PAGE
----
Zero Carbon Britain and OpenEnergyMonitor are collaborating on a new open source energy model http://zerocarbonbritain.org/energy_model/ aimed at helping users explore and visualise how a zero carbon energy system could work. The model shows hour-by-hour how energy supply and energy demand match up, the back-up power required, and how energy storage can help to balance supply and demand. The model also allows users to explore how much biomass is required for back-up power and other fuels and to see if their choices add up to a zero carbon energy system.
Philip James of the Zero Carbon Britain team is collaborating on the model with Trystan Lea of OpenEnergyMonitor. The model fits in with OpenEnergyMonitor’s work developing open source tools that allow users to monitor, evaluate and understand their own energy use. Their intention is to try and relate in house monitoring of electricity consumption, such as heatpump performance and electric car charging, with information about renewable supply both onsite and from the grid. This could help answer questions such as: how much of my heatpump’s electricity is likely to be coming from wind farms in the UK? How much would be coming from wind farms in the future? And if there was significant storage on the grid when would that electricity be coming directly and when would it be coming via a store. OpenEnergyMonitor are also exploring the potential for automatic control of these larger energy uses depending on renewable supply availability.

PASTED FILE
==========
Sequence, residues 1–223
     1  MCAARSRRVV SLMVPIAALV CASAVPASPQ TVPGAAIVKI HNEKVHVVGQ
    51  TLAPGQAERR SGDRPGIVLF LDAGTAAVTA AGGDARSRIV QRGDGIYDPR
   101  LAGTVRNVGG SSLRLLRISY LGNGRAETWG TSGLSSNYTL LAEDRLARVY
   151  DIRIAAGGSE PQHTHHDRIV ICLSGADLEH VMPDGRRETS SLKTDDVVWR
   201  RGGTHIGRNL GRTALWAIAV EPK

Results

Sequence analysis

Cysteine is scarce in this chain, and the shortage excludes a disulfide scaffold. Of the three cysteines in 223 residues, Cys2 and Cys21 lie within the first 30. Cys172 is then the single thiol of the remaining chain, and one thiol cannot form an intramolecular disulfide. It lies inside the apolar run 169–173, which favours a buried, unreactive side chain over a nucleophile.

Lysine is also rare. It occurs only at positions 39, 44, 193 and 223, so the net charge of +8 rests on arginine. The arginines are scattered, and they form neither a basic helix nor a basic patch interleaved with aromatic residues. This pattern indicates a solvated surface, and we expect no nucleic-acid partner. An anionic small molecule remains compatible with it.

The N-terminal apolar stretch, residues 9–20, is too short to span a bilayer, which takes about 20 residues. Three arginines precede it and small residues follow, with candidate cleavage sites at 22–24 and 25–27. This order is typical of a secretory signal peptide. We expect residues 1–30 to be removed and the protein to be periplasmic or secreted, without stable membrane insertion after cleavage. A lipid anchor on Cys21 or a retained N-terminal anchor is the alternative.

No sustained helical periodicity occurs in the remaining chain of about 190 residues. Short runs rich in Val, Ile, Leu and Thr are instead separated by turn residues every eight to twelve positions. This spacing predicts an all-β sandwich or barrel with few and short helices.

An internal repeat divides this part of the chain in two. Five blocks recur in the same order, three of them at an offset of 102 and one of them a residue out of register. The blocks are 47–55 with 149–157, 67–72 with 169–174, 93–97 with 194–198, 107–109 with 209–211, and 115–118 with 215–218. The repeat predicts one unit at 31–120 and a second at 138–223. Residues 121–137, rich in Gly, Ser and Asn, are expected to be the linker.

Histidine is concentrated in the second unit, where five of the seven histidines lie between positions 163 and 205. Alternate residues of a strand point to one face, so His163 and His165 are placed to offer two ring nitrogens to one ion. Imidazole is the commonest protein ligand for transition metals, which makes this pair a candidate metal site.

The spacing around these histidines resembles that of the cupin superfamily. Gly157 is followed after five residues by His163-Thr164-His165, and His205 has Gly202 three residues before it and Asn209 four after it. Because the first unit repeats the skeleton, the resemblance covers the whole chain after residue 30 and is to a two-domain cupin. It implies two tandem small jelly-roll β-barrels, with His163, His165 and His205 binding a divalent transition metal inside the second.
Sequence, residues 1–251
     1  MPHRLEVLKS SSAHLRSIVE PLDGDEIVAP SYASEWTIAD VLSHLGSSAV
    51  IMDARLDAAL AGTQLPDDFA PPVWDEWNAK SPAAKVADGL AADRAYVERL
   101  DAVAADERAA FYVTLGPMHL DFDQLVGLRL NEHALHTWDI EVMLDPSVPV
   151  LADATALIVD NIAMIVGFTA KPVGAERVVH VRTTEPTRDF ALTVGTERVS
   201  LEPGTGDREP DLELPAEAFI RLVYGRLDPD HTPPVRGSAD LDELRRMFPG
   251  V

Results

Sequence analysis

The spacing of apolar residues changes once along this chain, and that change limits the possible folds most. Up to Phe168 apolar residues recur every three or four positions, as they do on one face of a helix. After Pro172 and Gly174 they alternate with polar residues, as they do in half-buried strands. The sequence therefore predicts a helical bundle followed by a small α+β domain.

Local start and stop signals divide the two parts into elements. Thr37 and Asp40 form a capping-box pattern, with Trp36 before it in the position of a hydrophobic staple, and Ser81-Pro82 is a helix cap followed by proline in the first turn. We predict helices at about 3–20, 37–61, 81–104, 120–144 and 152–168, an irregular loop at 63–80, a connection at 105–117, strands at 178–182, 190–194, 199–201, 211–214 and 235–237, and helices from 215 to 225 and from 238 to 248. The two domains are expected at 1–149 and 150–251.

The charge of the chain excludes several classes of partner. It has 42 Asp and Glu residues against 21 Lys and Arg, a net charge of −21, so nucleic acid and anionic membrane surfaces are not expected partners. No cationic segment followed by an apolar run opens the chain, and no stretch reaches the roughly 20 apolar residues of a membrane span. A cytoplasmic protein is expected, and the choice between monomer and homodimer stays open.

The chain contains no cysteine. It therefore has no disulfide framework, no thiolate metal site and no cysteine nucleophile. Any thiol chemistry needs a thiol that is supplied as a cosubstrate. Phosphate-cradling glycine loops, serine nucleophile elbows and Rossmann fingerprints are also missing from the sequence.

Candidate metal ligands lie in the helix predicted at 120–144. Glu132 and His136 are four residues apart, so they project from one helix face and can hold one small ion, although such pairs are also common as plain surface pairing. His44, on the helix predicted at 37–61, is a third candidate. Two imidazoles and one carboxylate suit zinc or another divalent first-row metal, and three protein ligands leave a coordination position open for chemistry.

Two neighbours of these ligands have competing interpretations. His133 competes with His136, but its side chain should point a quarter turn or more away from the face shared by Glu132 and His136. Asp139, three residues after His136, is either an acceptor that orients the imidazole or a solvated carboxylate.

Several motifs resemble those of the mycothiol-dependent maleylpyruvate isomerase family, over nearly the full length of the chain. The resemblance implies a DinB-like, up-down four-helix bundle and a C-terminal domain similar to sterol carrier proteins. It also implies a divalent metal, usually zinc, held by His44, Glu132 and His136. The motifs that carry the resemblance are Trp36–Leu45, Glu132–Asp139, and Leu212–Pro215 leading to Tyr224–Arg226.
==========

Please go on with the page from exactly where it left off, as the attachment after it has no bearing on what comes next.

One study they have undertaken already explores and visualises the changes needed to get around 20 actual households in North Wales from their current energy use and carbon emissions to zero carbon http://egni.ecobro.org/data . With an hourly zero carbon energy system model, this kind of community energy planning exercise can take into account the variability of renewable energy supply and energy storage considerations in addition to the ‘power down’ demand side solutions.
These tools aim to help make it easier to join the dots between individual action and understand what’s needed at the community, regional and country-wide scale to get to zero carbon.
As with ZCB and OpenEnergyMonitor‘s other work, the tool is freely available and open source. We’d really like those who are interested to get involved, either by giving feedback and suggestions for the tool’s development or for other work in this area. Those who are really keen can download the computer code and contributing to the development directly https://github.com/philJam/energymodel .